The primary source for the story of St. Tarsicius is found in the inscription that Pope Damasus (366-384) had placed on the tomb of the boy martyr. Set at a time of persecution of the Church, It tells the story of Tarsicius. After Mass, he took consecrated Hosts to imprisoned Christians awaiting martyrdom. As a boy he would be less suspect making the visit them were he a man.
As he traveled to the prison along the Roman road known as the Appian Way, he ran into a group of pagan boys and men who began to harass him. While they did not know, specifically, he belonged to the hidden group of Christians, they demanded he show them what he had in his hands, which were hiding in his clothes. Tarsicius refused, knowing they would likely take and desecrate the Blessed Sacrament if they got it from him. His continued refusal angered the crowd who began to assault him. As the angry mob beat him Tarcisius fell to the stones of the Appian Way shielding the Host beneath his body. The mob did not relent once he fell and eventually killed him. When they rolled his body over to discover what he had been hiding. They found nothing. The Host had vanished.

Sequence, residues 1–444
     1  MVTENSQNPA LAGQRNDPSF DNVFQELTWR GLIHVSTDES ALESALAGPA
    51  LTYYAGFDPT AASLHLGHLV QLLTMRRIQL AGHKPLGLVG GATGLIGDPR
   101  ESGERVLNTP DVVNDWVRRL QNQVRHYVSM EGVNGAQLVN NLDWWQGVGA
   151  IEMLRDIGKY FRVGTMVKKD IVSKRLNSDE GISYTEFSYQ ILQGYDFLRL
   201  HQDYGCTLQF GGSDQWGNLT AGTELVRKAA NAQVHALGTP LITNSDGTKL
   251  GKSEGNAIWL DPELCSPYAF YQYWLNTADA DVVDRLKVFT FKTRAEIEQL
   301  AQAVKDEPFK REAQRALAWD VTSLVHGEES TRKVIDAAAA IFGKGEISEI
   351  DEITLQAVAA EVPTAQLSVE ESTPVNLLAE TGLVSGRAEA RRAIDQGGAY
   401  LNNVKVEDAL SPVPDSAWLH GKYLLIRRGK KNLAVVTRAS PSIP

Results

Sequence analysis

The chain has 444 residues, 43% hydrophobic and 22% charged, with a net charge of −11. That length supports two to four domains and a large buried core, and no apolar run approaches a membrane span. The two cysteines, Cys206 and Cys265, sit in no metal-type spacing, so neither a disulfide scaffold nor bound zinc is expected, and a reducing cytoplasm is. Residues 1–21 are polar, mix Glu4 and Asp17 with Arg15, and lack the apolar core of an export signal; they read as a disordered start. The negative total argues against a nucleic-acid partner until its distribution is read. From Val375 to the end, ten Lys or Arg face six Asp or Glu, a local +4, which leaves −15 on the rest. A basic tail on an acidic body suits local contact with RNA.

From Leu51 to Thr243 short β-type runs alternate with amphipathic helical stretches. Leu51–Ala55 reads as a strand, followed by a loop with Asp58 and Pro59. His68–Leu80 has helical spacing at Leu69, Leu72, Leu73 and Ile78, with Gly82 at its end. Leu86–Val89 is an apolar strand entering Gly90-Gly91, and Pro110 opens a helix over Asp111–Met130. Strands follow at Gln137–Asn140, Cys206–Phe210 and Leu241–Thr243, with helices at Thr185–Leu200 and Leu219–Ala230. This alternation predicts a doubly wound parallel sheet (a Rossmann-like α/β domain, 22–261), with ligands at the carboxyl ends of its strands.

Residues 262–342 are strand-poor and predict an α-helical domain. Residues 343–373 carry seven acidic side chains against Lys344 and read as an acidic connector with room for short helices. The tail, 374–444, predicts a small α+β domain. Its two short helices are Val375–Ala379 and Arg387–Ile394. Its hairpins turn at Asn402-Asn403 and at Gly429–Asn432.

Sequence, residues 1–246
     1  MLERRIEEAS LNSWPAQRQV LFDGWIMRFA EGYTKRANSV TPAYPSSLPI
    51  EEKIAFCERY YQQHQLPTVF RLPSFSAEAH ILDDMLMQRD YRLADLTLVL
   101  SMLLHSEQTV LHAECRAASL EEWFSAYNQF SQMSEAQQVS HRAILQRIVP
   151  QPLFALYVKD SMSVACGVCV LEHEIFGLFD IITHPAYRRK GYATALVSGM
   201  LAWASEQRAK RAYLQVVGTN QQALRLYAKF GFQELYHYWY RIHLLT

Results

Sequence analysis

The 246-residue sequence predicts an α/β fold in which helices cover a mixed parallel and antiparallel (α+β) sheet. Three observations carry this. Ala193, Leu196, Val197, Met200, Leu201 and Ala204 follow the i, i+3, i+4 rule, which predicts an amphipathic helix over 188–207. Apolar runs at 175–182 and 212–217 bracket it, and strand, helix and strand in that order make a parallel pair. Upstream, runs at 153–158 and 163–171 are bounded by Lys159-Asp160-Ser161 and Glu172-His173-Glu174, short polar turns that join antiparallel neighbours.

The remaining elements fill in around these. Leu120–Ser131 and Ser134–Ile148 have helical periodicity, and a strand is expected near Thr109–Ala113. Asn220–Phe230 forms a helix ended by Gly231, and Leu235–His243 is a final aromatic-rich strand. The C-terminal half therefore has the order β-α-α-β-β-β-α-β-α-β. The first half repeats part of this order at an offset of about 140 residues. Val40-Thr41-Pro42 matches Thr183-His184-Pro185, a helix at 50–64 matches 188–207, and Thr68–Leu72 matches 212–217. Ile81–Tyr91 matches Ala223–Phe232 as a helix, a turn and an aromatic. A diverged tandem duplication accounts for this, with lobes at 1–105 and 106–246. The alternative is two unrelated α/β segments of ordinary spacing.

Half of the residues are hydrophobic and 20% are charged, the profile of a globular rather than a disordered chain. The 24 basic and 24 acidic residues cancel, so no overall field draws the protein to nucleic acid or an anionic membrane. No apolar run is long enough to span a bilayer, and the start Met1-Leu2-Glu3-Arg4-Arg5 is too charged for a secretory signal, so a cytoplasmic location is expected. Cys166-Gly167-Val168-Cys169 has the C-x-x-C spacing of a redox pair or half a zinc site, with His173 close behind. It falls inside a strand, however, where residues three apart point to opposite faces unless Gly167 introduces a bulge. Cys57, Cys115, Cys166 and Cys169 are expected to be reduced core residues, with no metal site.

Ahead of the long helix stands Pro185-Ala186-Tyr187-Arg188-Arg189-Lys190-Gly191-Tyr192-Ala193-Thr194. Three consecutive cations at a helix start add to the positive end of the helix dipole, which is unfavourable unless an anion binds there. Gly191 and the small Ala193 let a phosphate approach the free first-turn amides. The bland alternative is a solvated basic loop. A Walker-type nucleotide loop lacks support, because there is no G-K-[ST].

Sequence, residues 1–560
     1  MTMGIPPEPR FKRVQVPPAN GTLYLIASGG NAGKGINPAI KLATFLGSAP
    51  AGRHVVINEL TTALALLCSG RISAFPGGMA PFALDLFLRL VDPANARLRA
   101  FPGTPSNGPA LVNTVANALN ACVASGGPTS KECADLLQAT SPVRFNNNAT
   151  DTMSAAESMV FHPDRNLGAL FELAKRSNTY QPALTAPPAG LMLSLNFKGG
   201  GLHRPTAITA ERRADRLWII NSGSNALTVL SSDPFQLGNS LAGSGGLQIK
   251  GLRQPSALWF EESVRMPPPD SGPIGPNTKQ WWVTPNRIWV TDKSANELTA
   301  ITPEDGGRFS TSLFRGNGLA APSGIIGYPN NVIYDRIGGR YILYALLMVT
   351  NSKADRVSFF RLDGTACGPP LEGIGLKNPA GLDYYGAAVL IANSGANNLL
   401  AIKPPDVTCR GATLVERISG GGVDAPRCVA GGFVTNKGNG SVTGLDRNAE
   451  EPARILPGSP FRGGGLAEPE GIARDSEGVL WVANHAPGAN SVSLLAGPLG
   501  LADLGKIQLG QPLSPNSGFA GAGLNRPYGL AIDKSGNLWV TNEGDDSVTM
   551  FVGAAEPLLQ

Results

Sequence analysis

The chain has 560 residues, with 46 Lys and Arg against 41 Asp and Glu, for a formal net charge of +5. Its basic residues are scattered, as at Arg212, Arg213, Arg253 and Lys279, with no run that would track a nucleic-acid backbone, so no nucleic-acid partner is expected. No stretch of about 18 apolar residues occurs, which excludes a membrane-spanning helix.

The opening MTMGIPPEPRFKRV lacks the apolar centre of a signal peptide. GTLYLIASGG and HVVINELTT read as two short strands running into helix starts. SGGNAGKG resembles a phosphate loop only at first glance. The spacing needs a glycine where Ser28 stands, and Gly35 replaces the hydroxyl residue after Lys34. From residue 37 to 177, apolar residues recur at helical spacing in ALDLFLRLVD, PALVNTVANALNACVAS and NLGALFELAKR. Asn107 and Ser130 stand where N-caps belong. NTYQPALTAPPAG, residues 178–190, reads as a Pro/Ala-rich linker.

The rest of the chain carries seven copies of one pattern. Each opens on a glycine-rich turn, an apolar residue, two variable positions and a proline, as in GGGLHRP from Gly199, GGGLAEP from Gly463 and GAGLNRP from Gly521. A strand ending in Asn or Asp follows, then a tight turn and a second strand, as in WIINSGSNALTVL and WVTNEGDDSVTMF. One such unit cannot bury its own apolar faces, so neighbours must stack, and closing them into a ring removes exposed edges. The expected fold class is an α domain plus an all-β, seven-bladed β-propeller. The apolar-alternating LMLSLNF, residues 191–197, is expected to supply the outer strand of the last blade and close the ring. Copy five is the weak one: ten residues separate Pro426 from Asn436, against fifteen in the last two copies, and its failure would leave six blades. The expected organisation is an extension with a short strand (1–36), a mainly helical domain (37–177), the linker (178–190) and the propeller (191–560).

Christians recovered his body and buried him in the catacomb of St. Callixtus, not far from where he was killed. His relics are now located in Rome at the Church of San Silvestro in Capite. St. Tarsicius of Rome, martyr of the Blessed Sacrament, became the first Patron Saint of First Communion. He is also the patron saint of altar servers.